Award Date


Degree Type


Degree Name

Master of Arts in Psychology



First Committee Member

Christopher Kearney, Chair

Second Committee Member

Michelle Carro

Third Committee Member

Jennifer Rennels

Graduate Faculty Representative

Lori Olafson

Number of Pages



The current study examined the relationship between the functions of school refusal behavior and family environment characteristics in a community sample of youth. The primary aim was to determine the family environments most strongly associated with each function of school refusal behavior in an ethnically diverse, community-based sample of youths referred to the legal process for absenteeism. Hypotheses for the current study were based on the premise that family environment characteristics of the community sample of youths with problematic absenteeism would generally resemble those identified in previous clinical samples. The first hypothesis was that youth who refuse school primarily to avoid stimuli that provoke negative affectivity would exhibit a healthy family dynamic. The second hypothesis was that youth who refuse school primarily to escape social or evaluative situations would exhibit an isolated family dynamic. The third hypothesis was that youth who refuse school primarily to pursue attention from significant others would exhibit an enmeshed family dynamic. The fourth hypothesis was that youth who refuse school primarily to pursue tangible reinforcement outside of school would exhibit a conflictive and detached family dynamic.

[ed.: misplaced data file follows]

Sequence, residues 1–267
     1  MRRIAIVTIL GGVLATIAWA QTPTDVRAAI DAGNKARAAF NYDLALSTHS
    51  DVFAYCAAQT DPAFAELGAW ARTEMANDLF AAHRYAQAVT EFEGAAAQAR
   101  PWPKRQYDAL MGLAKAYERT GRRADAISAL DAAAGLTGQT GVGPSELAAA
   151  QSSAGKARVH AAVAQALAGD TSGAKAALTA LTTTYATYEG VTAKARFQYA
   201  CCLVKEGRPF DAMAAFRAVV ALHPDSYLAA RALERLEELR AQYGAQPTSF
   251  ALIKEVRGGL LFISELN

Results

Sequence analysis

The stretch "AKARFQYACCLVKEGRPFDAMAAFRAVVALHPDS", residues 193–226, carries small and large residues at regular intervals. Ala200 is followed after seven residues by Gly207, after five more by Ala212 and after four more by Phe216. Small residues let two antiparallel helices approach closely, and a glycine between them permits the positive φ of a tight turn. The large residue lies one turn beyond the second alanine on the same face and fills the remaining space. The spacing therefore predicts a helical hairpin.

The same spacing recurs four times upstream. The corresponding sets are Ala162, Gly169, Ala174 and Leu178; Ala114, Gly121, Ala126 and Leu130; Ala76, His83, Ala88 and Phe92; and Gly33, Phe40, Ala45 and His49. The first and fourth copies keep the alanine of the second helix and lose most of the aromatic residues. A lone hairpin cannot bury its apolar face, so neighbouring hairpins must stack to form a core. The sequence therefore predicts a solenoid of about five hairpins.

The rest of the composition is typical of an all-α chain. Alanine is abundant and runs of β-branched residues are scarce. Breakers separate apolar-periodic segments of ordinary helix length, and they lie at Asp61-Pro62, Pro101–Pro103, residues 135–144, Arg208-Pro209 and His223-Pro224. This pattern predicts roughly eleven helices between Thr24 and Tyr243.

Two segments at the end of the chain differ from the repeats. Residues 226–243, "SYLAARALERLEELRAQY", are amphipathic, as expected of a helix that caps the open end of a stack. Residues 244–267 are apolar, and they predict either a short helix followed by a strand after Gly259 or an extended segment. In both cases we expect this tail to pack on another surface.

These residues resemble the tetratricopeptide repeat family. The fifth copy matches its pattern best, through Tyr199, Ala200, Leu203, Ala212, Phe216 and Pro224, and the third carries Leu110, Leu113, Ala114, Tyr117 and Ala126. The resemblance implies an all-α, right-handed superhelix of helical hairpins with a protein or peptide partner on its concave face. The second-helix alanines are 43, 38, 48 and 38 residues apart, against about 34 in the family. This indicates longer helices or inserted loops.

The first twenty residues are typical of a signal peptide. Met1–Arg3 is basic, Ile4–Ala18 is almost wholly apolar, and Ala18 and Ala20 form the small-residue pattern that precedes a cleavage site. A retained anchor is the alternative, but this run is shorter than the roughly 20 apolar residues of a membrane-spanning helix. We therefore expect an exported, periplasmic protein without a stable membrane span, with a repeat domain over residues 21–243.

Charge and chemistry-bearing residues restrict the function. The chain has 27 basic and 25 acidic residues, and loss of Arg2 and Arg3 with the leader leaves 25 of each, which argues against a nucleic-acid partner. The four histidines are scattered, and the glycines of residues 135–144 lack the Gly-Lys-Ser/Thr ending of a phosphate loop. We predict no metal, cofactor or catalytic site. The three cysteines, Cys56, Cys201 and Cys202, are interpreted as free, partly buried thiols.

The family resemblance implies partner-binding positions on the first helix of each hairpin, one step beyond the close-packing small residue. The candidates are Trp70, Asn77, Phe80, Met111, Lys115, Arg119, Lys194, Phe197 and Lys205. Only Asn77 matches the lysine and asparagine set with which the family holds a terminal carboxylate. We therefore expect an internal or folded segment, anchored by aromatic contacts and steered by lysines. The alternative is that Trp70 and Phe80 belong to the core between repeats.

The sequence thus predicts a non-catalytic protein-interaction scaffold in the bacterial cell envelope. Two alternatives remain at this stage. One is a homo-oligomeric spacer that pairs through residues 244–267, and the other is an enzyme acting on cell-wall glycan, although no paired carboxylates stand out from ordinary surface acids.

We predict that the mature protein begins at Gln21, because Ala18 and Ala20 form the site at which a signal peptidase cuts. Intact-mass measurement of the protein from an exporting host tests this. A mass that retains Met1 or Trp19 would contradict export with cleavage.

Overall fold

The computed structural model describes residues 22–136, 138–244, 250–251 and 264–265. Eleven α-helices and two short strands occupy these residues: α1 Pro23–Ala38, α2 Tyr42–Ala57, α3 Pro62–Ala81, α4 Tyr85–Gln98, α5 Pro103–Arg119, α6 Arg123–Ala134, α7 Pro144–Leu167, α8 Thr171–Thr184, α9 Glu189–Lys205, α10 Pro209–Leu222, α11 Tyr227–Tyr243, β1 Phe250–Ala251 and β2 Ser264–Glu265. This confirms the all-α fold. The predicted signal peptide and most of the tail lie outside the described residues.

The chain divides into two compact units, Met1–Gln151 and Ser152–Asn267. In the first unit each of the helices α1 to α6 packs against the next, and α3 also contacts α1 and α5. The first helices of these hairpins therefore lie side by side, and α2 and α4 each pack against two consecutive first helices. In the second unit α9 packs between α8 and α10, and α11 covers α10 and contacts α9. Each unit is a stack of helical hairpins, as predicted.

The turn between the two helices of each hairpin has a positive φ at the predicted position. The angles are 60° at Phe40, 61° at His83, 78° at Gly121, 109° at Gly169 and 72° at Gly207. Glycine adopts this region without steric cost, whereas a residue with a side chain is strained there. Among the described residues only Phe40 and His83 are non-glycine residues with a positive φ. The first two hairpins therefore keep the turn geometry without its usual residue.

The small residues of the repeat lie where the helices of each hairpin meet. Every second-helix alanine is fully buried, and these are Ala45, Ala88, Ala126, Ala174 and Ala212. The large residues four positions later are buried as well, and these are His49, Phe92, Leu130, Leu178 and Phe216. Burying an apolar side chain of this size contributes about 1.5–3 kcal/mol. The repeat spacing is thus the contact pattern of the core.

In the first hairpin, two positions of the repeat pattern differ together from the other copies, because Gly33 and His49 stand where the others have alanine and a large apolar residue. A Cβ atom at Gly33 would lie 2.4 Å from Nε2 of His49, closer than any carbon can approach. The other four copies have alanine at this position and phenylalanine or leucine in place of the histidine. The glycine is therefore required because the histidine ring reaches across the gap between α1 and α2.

The sample was recruited from two truancy settings and was composed of 215 middle and high school youth aged 11-17 years and their parent or guardian. Overall families scored significantly lower than the norm on the Cohesion, Independence, Active-Recreational Orientation, and Intellectual-Cultural Orientation Family Environment Scale subscales. Families also scored lower than the norm on the Expressiveness subscale and higher than the norm on the Conflict subscale, but these findings were not robust. Families of function one and function four youth were associated with low levels of cohesion and high levels of conflict. There were no significant associations between function two and function three youth and specific family characteristics. Varying results were also found for English-speaking and Spanish-speaking families. These results provide important clinical implications regarding assessment and treatment of school refusing youth in community settings.


Education; Families; Family assessment; Family environment; Psychology; School absenteeism; School attendance; School refusal


Child Psychology | Educational Psychology | Family, Life Course, and Society | School Psychology

File Format


Degree Grantor

University of Nevada, Las Vegas




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